Surprisingly, despite being one of the simplest of poses to practice, the benefits derived from the daily practice of vajrasana are many. It is also the only yoga pose that can be attempted safely after a heavy meal.
Vajrasana begins by sitting on the floor, with legs folded, knees touching the floor, and feet positioned below the hips. The heels are pointed up and outwards with the hips touching the toes.
The knees are parallel to each other and touching each other.
Next, place the right palm on the right knee and the left palm on the left knee. Once in place, slowly inhale through both nostrils and exhale the air in the same manner. Don’t try to breathe hard or laboriously but simply breathe in and out as naturally as possible in a smooth manner.
While breathing out, imagine every disorder ans symptom is exiting or passing out through the nostrils.
Initially, it’s recommended for to sit no more than 5 minutes in the vajrasana pose after finishing the afternoon or evening meal. With practice, over time, some people stay in the vajrasana pose for time spans ranging from 30 to 60 minutes.
Vajrasana is considered to be the best asana for mental relaxation, meditation, and improving concentration. Sitting in this pose helps the mind to stay stable and experience calm.
The asana is believed to improve health conditions such as indigestion, gastric acidity, gas formation, and constipation, which are all symptoms of the withdrawal process during drug rehab. Vajrasana also aids the digestive processes in the body.
Practicing Vajrasana immediately after having lunch or dinner is prescribed for people suffering gastric problems.
People experiencing severe joint pains or knee injuries are advised against attempting Vajrasana. It’s instead recommended to start with low time frames and increase the duration as capabilities improve. It is encouraged to practice yoga asanas and pranayama under the guidance of an expert trainer.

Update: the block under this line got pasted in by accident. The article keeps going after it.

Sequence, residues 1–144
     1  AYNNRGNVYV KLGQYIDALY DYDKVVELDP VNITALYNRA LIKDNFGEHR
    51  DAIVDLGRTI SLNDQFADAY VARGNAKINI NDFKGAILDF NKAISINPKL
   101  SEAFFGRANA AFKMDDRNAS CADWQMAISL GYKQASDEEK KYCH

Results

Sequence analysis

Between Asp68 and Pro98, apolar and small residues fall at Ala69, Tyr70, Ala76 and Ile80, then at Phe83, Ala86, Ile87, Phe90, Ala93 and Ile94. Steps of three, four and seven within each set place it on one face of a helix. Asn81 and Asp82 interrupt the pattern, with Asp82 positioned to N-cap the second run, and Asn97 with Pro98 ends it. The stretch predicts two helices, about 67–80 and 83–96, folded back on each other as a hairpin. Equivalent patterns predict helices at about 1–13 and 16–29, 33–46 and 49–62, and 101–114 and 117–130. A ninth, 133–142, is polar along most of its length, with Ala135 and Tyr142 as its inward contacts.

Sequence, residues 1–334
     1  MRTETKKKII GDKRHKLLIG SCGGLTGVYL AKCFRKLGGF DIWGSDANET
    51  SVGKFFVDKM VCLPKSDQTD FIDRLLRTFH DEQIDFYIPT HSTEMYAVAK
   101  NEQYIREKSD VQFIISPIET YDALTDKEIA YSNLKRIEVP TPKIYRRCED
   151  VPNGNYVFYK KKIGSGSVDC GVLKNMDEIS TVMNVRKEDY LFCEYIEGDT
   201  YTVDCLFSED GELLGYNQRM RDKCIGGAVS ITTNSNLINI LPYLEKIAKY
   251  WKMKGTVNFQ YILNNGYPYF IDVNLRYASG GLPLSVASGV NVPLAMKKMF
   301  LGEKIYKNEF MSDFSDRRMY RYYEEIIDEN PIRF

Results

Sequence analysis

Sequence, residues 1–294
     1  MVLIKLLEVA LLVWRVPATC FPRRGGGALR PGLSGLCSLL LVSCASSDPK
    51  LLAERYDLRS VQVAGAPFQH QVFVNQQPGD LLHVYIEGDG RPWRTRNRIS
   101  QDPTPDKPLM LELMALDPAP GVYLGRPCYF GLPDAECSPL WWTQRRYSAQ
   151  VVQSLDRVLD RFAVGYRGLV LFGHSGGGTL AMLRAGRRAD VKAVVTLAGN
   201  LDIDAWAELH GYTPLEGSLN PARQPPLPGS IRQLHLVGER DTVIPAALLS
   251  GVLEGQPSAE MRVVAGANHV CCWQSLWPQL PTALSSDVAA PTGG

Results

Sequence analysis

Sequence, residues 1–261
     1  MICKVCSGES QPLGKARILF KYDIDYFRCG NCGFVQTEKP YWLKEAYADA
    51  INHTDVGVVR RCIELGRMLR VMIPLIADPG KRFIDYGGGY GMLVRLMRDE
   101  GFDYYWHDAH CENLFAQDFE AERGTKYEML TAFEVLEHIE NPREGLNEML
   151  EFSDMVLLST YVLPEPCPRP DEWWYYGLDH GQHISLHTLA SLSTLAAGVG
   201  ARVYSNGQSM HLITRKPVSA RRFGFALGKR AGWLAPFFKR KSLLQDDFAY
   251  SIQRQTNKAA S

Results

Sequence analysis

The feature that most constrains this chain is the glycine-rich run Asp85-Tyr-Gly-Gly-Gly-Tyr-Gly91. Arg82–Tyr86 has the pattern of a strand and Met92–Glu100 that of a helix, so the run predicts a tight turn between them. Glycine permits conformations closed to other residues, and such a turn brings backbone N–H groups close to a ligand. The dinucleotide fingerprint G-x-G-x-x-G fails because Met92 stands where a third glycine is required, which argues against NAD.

The name ‘Balasana’ is derived from a combination of two Sanskrit terms: Bal (child) and asana (pose or posture). As the name indicates, in Balasana, the person’s body assumes the posture equivalent to that of a child in its mother’s womb. In other words, it is the natural pose of a child.
The Balasana is practiced in the Sitting Mountain Pose: seated on the floor, legs bent, knees touching the floor, heels at the back, separated, and pointing upwards. Once in this stance, inhale air through the nostrils.
Then, while exhaling, slowly move the head down towards the floor, beyond the knees in front of you. With palms facing up, keep the hands beside the feet. Allow the neck and shoulders to loosen up and completely relax. Stay in this position and keeps breathing mindfully for around 5 minutes in the initial stages. If there is stiffness in the back, hips, knees, or ankles, pillows can be used as a support for the torso or forehead.
Paschimottanasana, also known as the Seated Forward Bend, is a great way to stretch the spine and also improve the strength of the lower back and hamstrings. When done regularly, Paschimottanasana instills a sense of peace and calm.
In Paschimottanasana, begin by sitting down on the floor, with both legs extended to the front. Sitting upright in this position, rotate the ankles while stretching and flexing them. Flexing the feet all the while, slowly inhale air through the nostrils while raising the arms over the head. The position is typically held for a few seconds. Exhale slowly while bending the body at the hips while moving the chest forward, toward the knees. It’s vital to hold the spine straight while doing this. Next, the hands are placed on the feet, ankles, or calves. Depending upon capabilities, this posture is held for 10 to 12 breaths.
As with most other yoga poses, the word ‘Matsyasana’ is a combination of two Sanskrit words: Matsya (fish) and asana (pose or posture). It provides good exercise for the spine by stretching it. In classical yoga textbooks, the Matsyasana is described as the destroyer of all diseases.
Matsyasana or the ‘Fish’ pose is usually performed with the legs in ‘Lotus’ pose or Padmasana. If sitting cross-legged is uncomfortable, it’s possible to start by sitting down on the floor with knees either bent or legs stretched out to the front.
The back is lowered to the floor, while the knees are bent and feet are placed on the ground. Inhaling normally through the nostrils, the is pelvis raised nominally off the floor. With palms facing down, hands slide under the buttocks, letting the buttocks remain poised on the backs of the hands. Forearms and elbows are tucked into either side of the torso.
Inhales slowly and press the forearms and elbows firmly against the floor. Then, with scapula pushed against the back, inhale and raise the head and upper torso off the floor. They then slowly allow the head to return to the floor. To avoid crunching of the neck, the head should be subjected to a minimal amount of weight.